the courteous stranger and his sister Julia
alone in her chamber, and is overwritten,

The I N T R I C A C I E S
Diego and Julia.

  Heavens ! thou art a strange creature
Slawkenbergius ! what a whimsical view
of the involutions of the heart of woman
hast thou opened ! how this can ever be
translated, and yet if this specimen of
Slawkenbergius's tales, and the exquisi-
tiveness of his moral should please the
world -- translated shall a couple of vo-
lumes be. -- Else, how this can ever be
translated into good English, I have no
sort of conception. -- There seems in some
passages to want a sixth sense to do it

[ 76 ]

rightly. ---- What can he mean by the
lambent pupilability of slow, low, dry
chat, five notes below the natural tone,
-- which you know, madam, is little
more than a whisper ? The moment I
pronounced the words, I could perceive
an attempt towards a vibration in the
strings, about the region of the heart. --
The brain made no acknowledgment. --
There's often no good understanding
betwixt 'em. -- I felt as if I understood
it. --- I had no ideas. -- The movement
could not be without cause. -- I'm lost.
I can make nothing of it, -- unless, may
it please your worships, the voice, in
that case being little more than a whis-
per, unavoidably forces the eyes to
approach not only within six inches
of each other -- but to look into the
pupils -- is not that dangerous ? -- But it
can't be avoided -- for to look up to the

[ 77 ]

cieling, in that case the two chins un-
avoidably meet -- and to look down into
each others laps, the foreheads come into
immediate contact, which at once puts
an end to the conference -- I mean to the
sentimental part of it. ---- What is left,
madam, is not worth stooping for.

C H A P. II.

MY father lay stretched across the
bed as still as if the hand of death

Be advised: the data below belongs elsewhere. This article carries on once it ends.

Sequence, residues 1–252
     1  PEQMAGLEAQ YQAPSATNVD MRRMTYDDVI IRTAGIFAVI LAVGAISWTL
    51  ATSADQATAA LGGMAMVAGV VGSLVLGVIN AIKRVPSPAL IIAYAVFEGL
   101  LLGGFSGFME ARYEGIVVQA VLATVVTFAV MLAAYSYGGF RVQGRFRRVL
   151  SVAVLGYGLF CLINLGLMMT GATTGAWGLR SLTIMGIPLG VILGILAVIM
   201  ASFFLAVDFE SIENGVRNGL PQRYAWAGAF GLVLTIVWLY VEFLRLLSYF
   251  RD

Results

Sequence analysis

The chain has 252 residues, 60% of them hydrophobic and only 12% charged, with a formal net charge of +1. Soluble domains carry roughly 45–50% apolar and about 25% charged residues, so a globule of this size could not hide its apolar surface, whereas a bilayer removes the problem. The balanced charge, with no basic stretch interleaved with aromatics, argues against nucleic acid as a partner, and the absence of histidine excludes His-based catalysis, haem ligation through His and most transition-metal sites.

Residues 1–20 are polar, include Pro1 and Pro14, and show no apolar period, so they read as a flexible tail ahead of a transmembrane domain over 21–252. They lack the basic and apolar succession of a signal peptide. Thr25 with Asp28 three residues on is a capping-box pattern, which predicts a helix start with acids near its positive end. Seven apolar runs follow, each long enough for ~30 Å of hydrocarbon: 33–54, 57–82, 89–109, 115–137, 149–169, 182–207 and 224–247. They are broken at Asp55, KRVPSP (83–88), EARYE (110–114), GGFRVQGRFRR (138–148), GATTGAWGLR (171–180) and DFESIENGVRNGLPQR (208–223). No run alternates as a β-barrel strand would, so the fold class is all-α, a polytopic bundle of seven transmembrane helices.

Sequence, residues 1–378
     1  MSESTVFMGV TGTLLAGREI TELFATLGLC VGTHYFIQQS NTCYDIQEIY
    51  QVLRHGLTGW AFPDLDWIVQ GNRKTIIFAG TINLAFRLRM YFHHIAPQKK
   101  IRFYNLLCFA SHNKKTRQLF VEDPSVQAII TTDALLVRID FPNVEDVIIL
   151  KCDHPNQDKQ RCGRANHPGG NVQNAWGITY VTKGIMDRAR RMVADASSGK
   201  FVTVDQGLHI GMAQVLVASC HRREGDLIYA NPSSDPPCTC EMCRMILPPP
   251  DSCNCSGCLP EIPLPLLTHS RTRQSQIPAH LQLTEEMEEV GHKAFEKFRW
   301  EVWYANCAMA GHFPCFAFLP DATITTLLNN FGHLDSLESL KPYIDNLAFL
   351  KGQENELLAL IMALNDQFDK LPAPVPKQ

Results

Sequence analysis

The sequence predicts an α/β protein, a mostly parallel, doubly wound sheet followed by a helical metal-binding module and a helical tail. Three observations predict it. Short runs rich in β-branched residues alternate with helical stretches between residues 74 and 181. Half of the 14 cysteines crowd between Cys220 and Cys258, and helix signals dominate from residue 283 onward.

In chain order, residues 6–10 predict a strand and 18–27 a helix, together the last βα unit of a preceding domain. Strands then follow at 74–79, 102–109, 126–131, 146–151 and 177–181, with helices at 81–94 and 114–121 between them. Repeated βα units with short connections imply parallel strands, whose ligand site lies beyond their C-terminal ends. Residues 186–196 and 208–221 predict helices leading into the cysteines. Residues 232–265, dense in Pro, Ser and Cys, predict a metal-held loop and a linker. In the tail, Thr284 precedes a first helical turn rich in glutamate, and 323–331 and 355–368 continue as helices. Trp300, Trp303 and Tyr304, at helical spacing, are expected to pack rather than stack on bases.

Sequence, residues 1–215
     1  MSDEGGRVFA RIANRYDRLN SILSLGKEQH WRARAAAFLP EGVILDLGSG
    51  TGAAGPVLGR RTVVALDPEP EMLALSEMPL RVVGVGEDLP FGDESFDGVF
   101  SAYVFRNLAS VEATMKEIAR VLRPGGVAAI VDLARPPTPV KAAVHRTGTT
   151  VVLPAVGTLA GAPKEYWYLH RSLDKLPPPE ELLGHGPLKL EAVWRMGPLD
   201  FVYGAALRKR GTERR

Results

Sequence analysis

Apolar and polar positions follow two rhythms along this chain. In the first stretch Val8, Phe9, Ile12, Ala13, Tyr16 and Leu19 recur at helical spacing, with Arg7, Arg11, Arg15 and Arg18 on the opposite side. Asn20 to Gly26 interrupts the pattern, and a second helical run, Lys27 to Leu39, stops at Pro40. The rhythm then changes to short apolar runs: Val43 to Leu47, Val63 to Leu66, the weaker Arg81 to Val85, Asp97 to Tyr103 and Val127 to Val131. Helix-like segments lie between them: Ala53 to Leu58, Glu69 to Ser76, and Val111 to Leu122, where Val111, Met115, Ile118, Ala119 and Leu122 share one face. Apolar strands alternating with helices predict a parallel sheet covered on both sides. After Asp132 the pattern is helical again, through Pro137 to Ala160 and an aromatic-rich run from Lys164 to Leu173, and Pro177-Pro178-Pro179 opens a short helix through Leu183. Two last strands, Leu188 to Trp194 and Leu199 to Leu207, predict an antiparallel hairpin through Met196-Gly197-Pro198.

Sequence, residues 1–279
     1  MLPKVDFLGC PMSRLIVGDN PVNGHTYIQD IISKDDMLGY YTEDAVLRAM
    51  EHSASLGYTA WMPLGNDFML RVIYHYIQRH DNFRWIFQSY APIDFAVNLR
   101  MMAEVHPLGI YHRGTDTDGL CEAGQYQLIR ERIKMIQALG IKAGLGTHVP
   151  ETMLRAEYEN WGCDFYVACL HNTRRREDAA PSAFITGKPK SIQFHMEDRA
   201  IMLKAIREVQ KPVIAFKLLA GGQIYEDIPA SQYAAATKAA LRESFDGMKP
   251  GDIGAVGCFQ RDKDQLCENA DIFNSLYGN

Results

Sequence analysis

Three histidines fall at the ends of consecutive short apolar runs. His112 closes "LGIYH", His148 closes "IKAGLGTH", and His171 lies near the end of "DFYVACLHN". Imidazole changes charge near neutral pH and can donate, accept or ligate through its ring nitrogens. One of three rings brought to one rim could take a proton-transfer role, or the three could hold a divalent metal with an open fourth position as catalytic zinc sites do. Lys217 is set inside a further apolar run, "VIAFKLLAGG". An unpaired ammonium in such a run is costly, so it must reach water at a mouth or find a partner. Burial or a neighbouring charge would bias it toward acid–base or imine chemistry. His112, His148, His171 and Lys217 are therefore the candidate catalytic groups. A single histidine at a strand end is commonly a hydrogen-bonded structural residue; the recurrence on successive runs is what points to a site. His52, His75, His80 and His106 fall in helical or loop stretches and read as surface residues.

had pushed him down, for a full hour
and a half, before he began to play upon
the floor with the toe of that foot which
hung over the bed-side ; my uncle Toby's
heart was a pound lighter for it. -- In a
few moments, his left-hand, the knuckles
of which had all the time reclined upon
the handle of the chamber-pot, came
to its feeling -- he thrust it a little more

[ 78 ]

within the valance -- drew up his hand,
when he had done, into his bosom -- gave
a hem ! -- My good uncle Toby, with infi-
nite pleasure, answered it ; and full gladly
would have ingrafted a sentence of conso-
lation upon the opening it afforded ; but
having no talents, as I said, that way,
and fearing moreover that he might set
out with something which might make a
bad matter worse, he contented himself
with resting his chin placidly upon the
cross of his crutch.

  Now whether the compression shortened
my uncle Toby's face into a more plea-
sureable oval, -- or that the philanthropy
of his heart, in seeing his brother begin-
ning to emerge out of the sea of his af-
flictions, had braced up his muscles, --
so that the compression upon his chin
only doubled the benignity which was

[ 79 ]

there before, is not hard to decide. -- My
father, in turning his eyes, was struck
with such a gleam of sun-shine in his
face, as melted down the sullenness of
his grief in a moment.

  He broke silence as follows.


DID ever man, brother Toby, cried
my father, raising himself up upon
his elbow, and turning himself round to
the opposite side of the bed where my
uncle Toby was sitting in his old fringed
chair, with his chin resting upon his
crutch -- did ever a poor unfortunate man,
brother Toby, cried my father, receive so
many lashes ? --- The most I ever saw
given, quoth my uncle Toby, (ringing
             1              the